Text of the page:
Hays said publicly available information online allows for quicker data collection but the inconsistent design of state government websites made some information difficult to find.

“It’s kind of tricky, because a lot of those state websites are really difficult to search or don’t even have a search option,” Hays said. “And all these people aren’t listed in one coherent place, so it was a lot of digging around and using different search tools.”

Kirshma Raj, a second-year who worked on the same project as Hays, said using the Duke researchers’ data showed the importance of looking at information in a research setting to identify broader patterns.

“Just knowing one person’s demographics or their prior offices isn’t gonna tell you anything,” Raj said. “But being able to compile all that information together and see the trends, and see what their research found and basically how much their history affects their political office or how much it doesn’t affect their political office, because a lot of it was very surprising.”

Assistant professor of political science Dr. Agustin Markarian said while some researchers argue that party identification is the primary consideration for voters, civic participation can be impacted when elected officials share demographic characteristics with their constituents.

“Generally speaking, some people will argue that it’s not really about the characteristics of a person, but that party ID matters more,” Markarian said. “What we do see is that Black elected officials are more likely to have an office in Black communities, elected officials from working class backgrounds are more likely to put their office in working class communities.”

Hansen said the study connects to his and Carnes’ prior research on the impacts of raising legislators’ salaries. While some advocates argue increased pay would enable more working-class people to enter politics, it can draw increased competition from affluent people and deter working-class candidacies, according to a 2016 study by Hansen and Carnes published in American Political Science Review.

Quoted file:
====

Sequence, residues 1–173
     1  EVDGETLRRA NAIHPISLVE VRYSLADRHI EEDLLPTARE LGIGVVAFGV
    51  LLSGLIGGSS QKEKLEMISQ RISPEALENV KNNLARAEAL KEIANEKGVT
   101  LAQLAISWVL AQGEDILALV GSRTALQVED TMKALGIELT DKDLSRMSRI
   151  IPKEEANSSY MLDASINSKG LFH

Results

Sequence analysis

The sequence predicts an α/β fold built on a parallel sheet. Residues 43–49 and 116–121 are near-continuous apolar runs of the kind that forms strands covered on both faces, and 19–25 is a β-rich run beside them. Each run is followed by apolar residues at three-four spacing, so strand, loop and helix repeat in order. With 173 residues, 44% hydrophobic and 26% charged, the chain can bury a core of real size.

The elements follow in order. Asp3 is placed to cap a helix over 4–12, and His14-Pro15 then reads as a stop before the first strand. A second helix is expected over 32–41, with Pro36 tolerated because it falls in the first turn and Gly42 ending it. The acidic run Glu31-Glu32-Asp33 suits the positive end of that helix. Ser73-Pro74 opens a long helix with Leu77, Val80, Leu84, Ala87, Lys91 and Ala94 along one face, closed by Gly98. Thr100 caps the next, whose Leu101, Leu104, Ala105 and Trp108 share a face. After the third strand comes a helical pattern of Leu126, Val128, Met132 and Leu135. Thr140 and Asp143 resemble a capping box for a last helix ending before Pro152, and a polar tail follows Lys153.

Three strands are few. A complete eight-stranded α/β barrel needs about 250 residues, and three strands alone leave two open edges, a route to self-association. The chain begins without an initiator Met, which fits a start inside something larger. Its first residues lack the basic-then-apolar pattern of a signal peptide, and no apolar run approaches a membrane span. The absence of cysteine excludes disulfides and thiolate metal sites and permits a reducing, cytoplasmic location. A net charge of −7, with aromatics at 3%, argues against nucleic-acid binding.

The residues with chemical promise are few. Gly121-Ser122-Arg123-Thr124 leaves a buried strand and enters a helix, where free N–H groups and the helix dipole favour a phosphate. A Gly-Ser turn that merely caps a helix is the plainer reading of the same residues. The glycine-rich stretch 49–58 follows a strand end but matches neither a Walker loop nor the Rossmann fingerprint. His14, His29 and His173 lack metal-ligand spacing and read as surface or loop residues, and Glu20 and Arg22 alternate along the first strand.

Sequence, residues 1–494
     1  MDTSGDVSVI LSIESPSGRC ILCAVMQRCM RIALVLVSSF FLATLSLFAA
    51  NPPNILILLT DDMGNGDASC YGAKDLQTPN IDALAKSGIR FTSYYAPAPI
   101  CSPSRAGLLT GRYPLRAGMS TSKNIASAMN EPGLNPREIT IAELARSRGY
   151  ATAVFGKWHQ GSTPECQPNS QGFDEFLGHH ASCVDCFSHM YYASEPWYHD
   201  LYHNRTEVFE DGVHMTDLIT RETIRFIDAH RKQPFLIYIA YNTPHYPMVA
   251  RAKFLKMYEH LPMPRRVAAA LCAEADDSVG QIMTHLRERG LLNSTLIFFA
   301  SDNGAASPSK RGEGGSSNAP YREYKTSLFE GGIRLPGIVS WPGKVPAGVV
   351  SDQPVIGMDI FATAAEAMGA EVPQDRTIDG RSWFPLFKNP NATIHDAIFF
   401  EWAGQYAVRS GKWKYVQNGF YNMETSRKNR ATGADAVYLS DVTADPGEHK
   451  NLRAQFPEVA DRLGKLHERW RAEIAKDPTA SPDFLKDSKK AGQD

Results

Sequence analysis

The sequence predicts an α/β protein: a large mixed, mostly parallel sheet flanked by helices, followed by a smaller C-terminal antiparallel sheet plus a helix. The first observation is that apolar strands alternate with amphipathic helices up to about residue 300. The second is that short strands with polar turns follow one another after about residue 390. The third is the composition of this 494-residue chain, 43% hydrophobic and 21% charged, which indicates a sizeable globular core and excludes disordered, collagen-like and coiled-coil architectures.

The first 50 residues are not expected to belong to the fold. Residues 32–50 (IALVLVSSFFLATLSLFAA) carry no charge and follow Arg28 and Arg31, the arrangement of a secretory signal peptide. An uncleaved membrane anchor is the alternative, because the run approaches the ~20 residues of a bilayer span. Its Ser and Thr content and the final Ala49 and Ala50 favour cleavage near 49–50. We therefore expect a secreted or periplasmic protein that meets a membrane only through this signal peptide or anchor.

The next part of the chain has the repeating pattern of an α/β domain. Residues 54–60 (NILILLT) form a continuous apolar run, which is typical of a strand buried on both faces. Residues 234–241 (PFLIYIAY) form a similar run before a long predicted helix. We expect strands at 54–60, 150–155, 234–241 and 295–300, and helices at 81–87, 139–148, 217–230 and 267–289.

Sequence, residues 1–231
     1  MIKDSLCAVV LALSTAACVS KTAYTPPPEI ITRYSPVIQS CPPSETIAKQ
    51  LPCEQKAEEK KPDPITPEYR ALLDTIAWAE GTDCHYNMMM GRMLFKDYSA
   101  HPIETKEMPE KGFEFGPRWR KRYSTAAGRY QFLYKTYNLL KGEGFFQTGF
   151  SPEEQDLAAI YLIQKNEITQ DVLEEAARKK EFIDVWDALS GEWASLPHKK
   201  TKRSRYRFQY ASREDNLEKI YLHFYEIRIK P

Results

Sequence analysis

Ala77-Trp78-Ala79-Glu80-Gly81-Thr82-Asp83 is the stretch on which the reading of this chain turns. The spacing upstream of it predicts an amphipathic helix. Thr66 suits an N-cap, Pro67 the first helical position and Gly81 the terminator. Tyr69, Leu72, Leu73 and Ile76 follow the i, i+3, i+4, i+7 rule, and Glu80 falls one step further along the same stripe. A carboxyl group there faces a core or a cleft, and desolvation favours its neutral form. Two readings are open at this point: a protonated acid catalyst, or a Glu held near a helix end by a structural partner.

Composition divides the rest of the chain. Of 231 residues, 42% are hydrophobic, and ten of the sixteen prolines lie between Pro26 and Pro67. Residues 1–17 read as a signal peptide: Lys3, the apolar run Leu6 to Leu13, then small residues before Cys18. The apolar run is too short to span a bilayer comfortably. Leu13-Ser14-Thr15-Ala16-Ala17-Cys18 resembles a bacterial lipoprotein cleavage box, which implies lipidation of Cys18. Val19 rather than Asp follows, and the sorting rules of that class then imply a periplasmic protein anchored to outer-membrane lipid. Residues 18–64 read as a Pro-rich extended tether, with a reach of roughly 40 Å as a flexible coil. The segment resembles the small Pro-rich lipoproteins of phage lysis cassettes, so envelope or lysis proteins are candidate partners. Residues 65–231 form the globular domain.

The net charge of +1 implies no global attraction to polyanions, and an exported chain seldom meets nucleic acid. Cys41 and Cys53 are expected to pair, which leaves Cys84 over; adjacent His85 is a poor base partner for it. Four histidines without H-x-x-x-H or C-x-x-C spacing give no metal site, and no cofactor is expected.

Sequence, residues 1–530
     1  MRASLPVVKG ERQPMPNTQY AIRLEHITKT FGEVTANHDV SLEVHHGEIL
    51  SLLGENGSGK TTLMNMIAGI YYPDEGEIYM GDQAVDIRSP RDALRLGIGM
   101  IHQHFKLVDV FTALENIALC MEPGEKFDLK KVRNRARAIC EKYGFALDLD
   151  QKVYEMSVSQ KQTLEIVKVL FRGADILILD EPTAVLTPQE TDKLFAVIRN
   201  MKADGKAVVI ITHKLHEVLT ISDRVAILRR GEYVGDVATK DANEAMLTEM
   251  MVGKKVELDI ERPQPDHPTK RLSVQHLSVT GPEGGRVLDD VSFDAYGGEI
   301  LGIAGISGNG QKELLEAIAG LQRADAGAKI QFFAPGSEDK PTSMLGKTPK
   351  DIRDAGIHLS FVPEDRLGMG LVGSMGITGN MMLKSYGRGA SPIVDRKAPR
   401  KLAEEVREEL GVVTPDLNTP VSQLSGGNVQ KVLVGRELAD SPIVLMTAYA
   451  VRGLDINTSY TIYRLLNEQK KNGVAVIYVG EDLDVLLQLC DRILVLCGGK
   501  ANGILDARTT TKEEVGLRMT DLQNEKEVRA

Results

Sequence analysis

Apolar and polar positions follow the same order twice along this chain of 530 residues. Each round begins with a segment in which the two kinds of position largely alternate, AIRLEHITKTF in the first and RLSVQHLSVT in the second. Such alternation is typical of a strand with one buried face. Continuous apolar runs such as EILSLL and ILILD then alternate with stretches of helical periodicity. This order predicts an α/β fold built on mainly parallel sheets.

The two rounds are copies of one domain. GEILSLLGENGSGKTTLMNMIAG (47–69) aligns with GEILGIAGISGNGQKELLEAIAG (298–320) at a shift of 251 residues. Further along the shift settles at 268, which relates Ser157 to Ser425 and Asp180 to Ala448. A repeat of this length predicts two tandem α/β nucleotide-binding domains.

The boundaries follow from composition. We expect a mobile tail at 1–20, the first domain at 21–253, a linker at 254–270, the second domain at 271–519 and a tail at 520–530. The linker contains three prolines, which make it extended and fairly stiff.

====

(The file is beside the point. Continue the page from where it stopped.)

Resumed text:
Markarian said the information the research team found for this year’s study is valuable because not many resources are dedicated to collecting descriptive data on politicians below the federal level.

“We don’t have very good data on the background of state legislators, city councilors, people that are not in Congress,” Markarian said. “When it comes to Congress, there’s pretty amazing descriptive data on the biographics and backgrounds of members of the House and Senate. But on state levels and local levels, that’s super rare.”

Hays said he thinks research outlining this type of data is important for informing voters in a democratic society and validates concerns held by many young Americans.

“I think that lends some legitimacy to some of the fears that many young people in the American public have, that maybe these legislators aren’t sufficiently connected to everyday people’s needs,” Hays said. “And I think it’s definitely a valid thing to keep in mind — it’s a point that should be raised.”

Featured image by Austin Hojdar / The Phoenix

Colin Hart

Colin Hart